Lawsuit accuses Apple, others of fixing worker pay

A new lawsuit is taking aim at Apple, Google, Adobe, Intel, and other large tech companies for allegedly conspiring with one another to lowball salaries, as well as alert others of employees seeking jobs elsewhere.

Josh Lowensohn Former Senior Writer
Josh Lowensohn joined CNET in 2006 and now covers Apple. Before that, Josh wrote about everything from new Web start-ups, to remote-controlled robots that watch your house. Prior to joining CNET, Josh covered breaking video game news, as well as reviewing game software. His current console favorite is the Xbox 360.
Josh Lowensohn
3 min read
A diagram from the suit demonstrating how the tech companies allegedly reached agreements on hires and compensation.
A diagram from the suit demonstrating how the tech companies allegedly reached agreements on hires and compensation. Lieff Cabraser Heimann and Bernstein

A new California lawsuit accuses Apple, Google, Adobe Systems, Intel, and other tech companies of violating antitrust laws by allegedly conspiring to fix employee pay, as well as working out "no solicitation" deals with one another.

The suit (PDF), which seeks class action status, was filed today with the California Superior Court in Alameda County and alleges that because senior executives from Adobe, Apple, Google, Intel, Intuit, Lucasfilm, and Pixar "entered into an interconnected web of express agreements to eliminate competition among them for skilled labor," affected employees from those companies are entitled to compensation.

"My colleagues at Lucasfilm and I applied our skills, knowledge, and creativity to make the company an industry leader," said Siddharth Hariharan, a former Lucasfilm employee who filed the class action suit and is listed as the plaintiff. "It's disappointing that, while we were working hard to make terrific products that resulted in enormous profits for Lucasfilm, senior executives of the company cut deals with other premiere high tech companies to eliminate competition and cap pay for skilled employees," Hariharan said in a statement.

In the complaint, Hariharan seeks restitution for lost compensation as well as treble damages for those who are a part of the suit, which includes salaried employees from the companies during January 1, 2005, to January 1, 2010.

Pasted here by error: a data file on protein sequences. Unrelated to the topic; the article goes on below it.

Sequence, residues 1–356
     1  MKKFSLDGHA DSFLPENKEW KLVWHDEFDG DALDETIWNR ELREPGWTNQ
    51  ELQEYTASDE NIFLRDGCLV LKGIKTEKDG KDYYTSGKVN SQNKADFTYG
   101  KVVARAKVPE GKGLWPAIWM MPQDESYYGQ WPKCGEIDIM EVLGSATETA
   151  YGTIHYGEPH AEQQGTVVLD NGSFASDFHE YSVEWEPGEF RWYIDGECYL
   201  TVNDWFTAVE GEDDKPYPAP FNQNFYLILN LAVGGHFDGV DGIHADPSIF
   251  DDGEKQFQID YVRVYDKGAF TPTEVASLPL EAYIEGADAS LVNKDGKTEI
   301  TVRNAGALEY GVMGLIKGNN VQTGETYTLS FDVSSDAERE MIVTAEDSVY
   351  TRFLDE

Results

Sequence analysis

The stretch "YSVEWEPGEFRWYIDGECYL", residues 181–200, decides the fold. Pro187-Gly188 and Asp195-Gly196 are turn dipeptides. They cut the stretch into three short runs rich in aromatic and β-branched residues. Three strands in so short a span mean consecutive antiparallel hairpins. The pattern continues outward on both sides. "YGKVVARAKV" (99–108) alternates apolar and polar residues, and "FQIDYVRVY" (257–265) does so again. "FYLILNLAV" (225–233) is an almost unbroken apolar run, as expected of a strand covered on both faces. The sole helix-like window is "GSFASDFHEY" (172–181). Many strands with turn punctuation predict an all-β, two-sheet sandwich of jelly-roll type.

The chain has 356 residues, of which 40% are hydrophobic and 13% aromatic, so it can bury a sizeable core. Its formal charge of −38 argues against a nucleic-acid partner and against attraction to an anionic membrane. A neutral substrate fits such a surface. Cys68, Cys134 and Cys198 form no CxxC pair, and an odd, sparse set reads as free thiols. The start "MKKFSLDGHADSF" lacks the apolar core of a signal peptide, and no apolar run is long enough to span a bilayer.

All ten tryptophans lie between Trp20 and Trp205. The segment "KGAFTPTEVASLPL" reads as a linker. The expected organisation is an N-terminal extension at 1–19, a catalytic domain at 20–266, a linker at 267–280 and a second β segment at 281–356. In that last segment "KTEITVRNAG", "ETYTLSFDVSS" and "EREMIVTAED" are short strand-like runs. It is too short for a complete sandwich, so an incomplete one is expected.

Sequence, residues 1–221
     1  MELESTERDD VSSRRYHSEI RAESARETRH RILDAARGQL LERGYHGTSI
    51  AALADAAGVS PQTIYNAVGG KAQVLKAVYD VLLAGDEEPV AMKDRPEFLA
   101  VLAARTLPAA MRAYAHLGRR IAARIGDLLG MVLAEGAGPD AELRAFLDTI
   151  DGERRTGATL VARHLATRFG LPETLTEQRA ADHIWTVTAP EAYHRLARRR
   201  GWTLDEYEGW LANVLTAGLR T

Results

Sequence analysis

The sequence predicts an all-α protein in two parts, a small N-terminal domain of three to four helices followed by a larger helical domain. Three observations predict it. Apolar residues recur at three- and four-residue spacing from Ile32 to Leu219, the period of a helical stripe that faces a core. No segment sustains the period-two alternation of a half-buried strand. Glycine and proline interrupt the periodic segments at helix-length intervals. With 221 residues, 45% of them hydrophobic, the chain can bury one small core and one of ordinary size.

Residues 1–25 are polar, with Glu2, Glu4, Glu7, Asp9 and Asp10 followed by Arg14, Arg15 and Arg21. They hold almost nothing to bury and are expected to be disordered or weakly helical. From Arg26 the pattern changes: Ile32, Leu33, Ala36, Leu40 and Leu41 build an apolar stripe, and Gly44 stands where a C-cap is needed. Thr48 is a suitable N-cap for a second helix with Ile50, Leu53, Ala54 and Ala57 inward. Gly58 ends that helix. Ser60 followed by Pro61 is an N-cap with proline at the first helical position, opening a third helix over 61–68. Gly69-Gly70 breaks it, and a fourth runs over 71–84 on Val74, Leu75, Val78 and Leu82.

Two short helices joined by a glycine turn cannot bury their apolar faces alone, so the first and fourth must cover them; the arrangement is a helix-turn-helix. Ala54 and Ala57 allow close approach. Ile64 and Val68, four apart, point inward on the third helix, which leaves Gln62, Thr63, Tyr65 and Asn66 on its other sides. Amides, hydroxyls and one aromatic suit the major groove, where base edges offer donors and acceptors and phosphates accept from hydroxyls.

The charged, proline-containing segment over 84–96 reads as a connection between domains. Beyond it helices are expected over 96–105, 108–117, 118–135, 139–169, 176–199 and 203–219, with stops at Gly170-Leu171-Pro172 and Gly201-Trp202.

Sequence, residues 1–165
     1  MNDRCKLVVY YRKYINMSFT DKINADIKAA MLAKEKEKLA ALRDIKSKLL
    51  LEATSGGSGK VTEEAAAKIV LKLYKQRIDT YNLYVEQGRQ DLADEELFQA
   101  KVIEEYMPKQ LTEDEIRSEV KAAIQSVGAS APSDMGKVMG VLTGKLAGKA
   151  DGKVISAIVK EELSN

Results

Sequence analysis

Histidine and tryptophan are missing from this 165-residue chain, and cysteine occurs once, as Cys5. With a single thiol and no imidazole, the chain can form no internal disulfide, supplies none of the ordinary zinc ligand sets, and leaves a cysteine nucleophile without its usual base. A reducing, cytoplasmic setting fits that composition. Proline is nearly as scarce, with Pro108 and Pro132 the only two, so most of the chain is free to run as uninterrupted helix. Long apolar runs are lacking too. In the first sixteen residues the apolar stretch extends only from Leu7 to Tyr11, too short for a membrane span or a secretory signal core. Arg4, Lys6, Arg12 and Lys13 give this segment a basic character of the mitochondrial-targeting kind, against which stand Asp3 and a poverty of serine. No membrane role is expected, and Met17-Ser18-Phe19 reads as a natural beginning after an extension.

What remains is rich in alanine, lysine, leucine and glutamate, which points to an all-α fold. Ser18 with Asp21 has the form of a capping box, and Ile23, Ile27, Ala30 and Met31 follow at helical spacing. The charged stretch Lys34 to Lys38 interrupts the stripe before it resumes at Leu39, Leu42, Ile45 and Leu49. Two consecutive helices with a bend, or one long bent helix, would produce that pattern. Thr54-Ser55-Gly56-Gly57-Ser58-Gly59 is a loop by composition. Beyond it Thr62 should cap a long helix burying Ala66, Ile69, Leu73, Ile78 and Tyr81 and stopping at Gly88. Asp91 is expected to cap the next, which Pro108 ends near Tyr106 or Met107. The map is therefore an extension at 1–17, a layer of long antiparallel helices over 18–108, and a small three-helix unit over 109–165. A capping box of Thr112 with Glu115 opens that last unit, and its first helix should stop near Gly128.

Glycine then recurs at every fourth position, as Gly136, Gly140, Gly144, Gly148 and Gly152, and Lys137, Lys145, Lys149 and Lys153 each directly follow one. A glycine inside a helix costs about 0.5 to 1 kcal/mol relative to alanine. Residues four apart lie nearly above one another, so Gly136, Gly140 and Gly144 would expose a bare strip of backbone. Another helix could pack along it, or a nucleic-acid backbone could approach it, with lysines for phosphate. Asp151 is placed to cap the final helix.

The suit focuses specifically on the companies targeted by a 2009 antitrust investigation by the U.S. Department of Justice. That investigation, and the civil lawsuit that followed, were settled back in September of last year, with the aforementioned companies agreeing to discontinue the use of "do not cold call" lists. Nonetheless, the suit says the companies are still profiting in the aftermath of the practice.

"The DOJ has confirmed that it will not seek to compensate employees who were injured by defendants' agreements," the suit says. "Without this class action, plaintiff and members of the class will not receive compensation for their injuries, and defendants will continue to retain the benefits of their unlawful collusion."

Joseph R. Saveri, an attorney with Lieff Cabraser (the firm that's representing Hariharan's case) said the reduced competition from the companies working together cut potential employee compensation by 10 percent to 15 percent. "These companies owe their tremendous successes to the sacrifices and hard work of their employees and must take responsibility for their misconduct," Saveri said in a statement.

As the lawsuit outlines, the practice began with Pixar and Lucasfilm in 2005, before expanding to include Apple and Adobe. The connection there being Apple CEO Steve Jobs, who allegedly made the deal while he was still the CEO of Pixar. Following that, Apple is said to have entered into a deal with Google "no later than 2006" that put both companies on each other's "do not cold call" lists, effectively encouraging each side to not actively attempt to hire away staff. A year later similar deals are said to be made between Apple and Pixar, Google and Intel, and Google and Intuit.

As for the size of the class, the suit says that there are potentially "tens of thousands" affected.

Intel disagrees with the allegations in the lawsuit about recruiting practices.

"We are still evaluating the case but plan to conduct a vigorous defense," said Intel spokesman Chuck Mulloy in statement to CNET. "Intel does not believe its actions violated the law nor does the company agree with the allegations. The company settled the DOJ matter because it believes it would not harm the company or its ability to do business."

A Lucasfilm representative said "the claim is meritless," and that the company had no further comment on the pending litigation.

Apple, Google, and Pixar did not immediately return requests for comment. Representatives for Adobe and Intuit said their companies do not comment on pending litigation.

Updated at 9 a.m. PT on May 5 with comment from Intel, and once again at 9:35 a.m. PT with comment from Lucasfilm.